term of addressing
|a female of the|
lower orders, of low
or improper behavior
Notice, first and foremost, that this term’s meaning became more negative over time. This is an important – and saddening – occurrence across languages: terms relating to women are much more likely to take on negative meanings, as compared to those relating to men. In fact, the association of uptalk with negative connotations regarding women is created within these same ‘gender hierarchies’ that ‘devalue women’s ways of speaking’ (Jaffe 2016). It is no coincidence that the man in the video first jumps to ‘insecurity’ or ‘uncertainty’ as an explanation for these young women’s behavior.
More to our point here, the meaning of this word has changed over time. Nothing in language stays the same; a language is a constantly evolving system. It is with this understanding that we can better appreciate the appearance of uptalk in the English language of the United States.
Perhaps the most interesting and disparaging thing the above-mentioned video says is what I mentioned: that this use seems to indicate that young women are insecure, and feel the need to check if what they’re saying is okay with their addressee, as if they needed some sort of social acceptance. The man also clearly associates this speech pattern with ‘Valley Girls,’ and it reveals a common misconception: that uptalk is only used in what is called ‘Valley Girl’ speech. In fact, it is found in Australian, New Zealand, and British English as well (Ritchart & Arvaniti 2014).
Given that language changes constantly, and that old resources can be recruited to convey new meanings, we can ask what an intonation associated with questions may convey:
- An unfinished thought – questions are, by definition, not complete; they seek answers.
- Seeking collaboration – Language is full of devices to involve others in what we are saying; after all, when we talk to someone, we typically want to involve them in some sort of exchange.
- Checking for understanding – Guy and Vonwiller (1989) (cited in Fletcher, Grabe, and Warren ) found that, in Australian English, uptalk ‘correlates with the semantic complexity of the text [used here to mean what is being said],’ and is used to check that the audience is following.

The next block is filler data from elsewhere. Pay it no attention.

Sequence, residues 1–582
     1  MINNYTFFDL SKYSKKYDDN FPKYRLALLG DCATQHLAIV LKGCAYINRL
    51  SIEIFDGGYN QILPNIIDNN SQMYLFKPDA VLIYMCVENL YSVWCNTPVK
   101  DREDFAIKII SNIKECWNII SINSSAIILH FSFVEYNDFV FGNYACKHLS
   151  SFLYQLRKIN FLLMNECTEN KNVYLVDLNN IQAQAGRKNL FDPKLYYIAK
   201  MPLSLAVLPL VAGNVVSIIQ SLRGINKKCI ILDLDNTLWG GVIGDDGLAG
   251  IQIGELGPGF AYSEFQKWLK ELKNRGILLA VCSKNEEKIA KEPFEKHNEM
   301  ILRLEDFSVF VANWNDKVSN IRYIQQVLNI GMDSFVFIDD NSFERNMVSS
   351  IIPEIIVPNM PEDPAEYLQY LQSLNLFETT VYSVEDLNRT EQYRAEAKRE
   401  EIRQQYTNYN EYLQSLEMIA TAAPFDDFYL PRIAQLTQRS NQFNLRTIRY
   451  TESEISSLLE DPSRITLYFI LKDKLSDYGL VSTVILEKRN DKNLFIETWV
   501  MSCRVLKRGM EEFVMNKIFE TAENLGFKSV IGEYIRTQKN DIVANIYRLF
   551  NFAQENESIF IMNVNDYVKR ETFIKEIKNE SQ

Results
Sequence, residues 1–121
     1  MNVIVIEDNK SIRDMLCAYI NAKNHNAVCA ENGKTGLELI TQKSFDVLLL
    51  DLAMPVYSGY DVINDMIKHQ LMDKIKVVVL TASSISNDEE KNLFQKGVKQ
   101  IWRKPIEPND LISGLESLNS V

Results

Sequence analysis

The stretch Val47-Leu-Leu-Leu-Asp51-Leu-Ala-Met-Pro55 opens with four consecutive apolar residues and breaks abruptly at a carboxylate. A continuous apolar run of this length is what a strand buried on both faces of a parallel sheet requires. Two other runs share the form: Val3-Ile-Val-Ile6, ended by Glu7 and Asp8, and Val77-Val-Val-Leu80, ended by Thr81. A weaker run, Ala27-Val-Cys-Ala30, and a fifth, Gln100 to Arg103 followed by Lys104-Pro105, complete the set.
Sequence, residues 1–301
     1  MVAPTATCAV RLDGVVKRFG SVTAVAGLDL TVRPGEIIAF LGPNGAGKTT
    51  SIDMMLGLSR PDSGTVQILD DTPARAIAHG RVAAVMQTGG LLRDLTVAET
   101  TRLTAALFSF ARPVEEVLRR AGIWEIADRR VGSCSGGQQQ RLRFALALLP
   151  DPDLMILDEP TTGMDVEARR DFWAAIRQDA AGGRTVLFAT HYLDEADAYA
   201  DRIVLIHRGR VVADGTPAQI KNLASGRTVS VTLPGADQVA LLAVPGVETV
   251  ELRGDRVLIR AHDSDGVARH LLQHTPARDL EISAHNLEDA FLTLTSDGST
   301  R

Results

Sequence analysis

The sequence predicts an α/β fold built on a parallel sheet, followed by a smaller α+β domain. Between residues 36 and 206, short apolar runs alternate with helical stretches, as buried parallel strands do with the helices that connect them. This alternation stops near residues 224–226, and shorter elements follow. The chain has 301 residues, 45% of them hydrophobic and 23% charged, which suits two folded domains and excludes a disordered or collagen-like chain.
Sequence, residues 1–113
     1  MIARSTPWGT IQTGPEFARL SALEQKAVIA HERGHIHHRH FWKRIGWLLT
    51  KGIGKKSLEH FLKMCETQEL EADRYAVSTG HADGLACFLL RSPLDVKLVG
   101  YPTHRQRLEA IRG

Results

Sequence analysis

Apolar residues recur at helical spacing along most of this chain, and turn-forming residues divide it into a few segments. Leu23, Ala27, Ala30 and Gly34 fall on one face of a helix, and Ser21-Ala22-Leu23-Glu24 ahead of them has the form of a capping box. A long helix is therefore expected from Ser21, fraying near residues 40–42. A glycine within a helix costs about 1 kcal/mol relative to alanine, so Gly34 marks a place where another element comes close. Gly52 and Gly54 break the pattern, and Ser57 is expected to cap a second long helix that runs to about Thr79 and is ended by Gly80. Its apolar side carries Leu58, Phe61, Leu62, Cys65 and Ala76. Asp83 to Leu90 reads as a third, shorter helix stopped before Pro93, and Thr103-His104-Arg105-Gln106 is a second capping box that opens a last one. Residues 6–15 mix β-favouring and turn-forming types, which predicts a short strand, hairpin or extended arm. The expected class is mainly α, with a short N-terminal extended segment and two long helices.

Along with these functions, Fletcher, Grabe, and Warren (2005) note that this intonation may serve to mark politeness in New Zealand English.
We can see that ‘insecurity’ is quite the jump to make when assessing someone’s use of an intonation associated with questions when making statements. It seems that less-negative analyses are more accurate and evidence-based.
“They’re ruining english!”
People of every generation feel that their language is being broken by the following generation. They worry that double negation is becoming more common (which is not a problem, as I discussed here), that people don’t pronounce their words right (often an issue with confusing writing and speaking), or that young speakers are ‘insecure’ (which, as we have now seen, is at best one of many explanations, and more likely, a ridiculous assumption about the character traits of every speaker who uses this intonation, in every situation). But the fact is, language changes constantly; it always has.
In some ways, this is obvious, and in others not so much. It should go without saying that we don’t speak Shakespeare’s English – but is this a bad thing? Has English been ‘degraded’ over the centuries? No; it has changed, the same way that English and all languages change in minute ways with every single thing a person says. Language has never been static, and we need to stop regarding it as such. Just as importantly, we need to stop assuming the worst in others, and instead see that these assumptions are just windows onto our own limited perspectives.
Fletcher, J., E. Grabe & P. Warren. 2005. Intonational variation in four dialects of English: the high rising tune. In Sun-Ah Jun (ed.), Prosodic Typology: The Phonology of Intonation and Phrasing. Oxford: OUP.
Guy, G. & J. Vonwiller. 1989. The high rise tones in Australian English. In P. Collins and D. Blair (eds.), Australian English. St Lucia: UQP, 21-33.
Jaffe, A. 2016. Indexicality, stance and fields in sociolinguistics. In N. Coupland (ed.), Sociolinguistics: Theoretical Debates. Cambridge, UK: CUP.
Meyerhoff, M. 2006. Introducing Sociolinguistics. New York: Routledge.
Ritchart, A. & A. Arvaniti. 2014. The form and use of uptalk in southern Californian English. Presentation given at the 7th Speech Prosody Conference, Dublin, Ireland.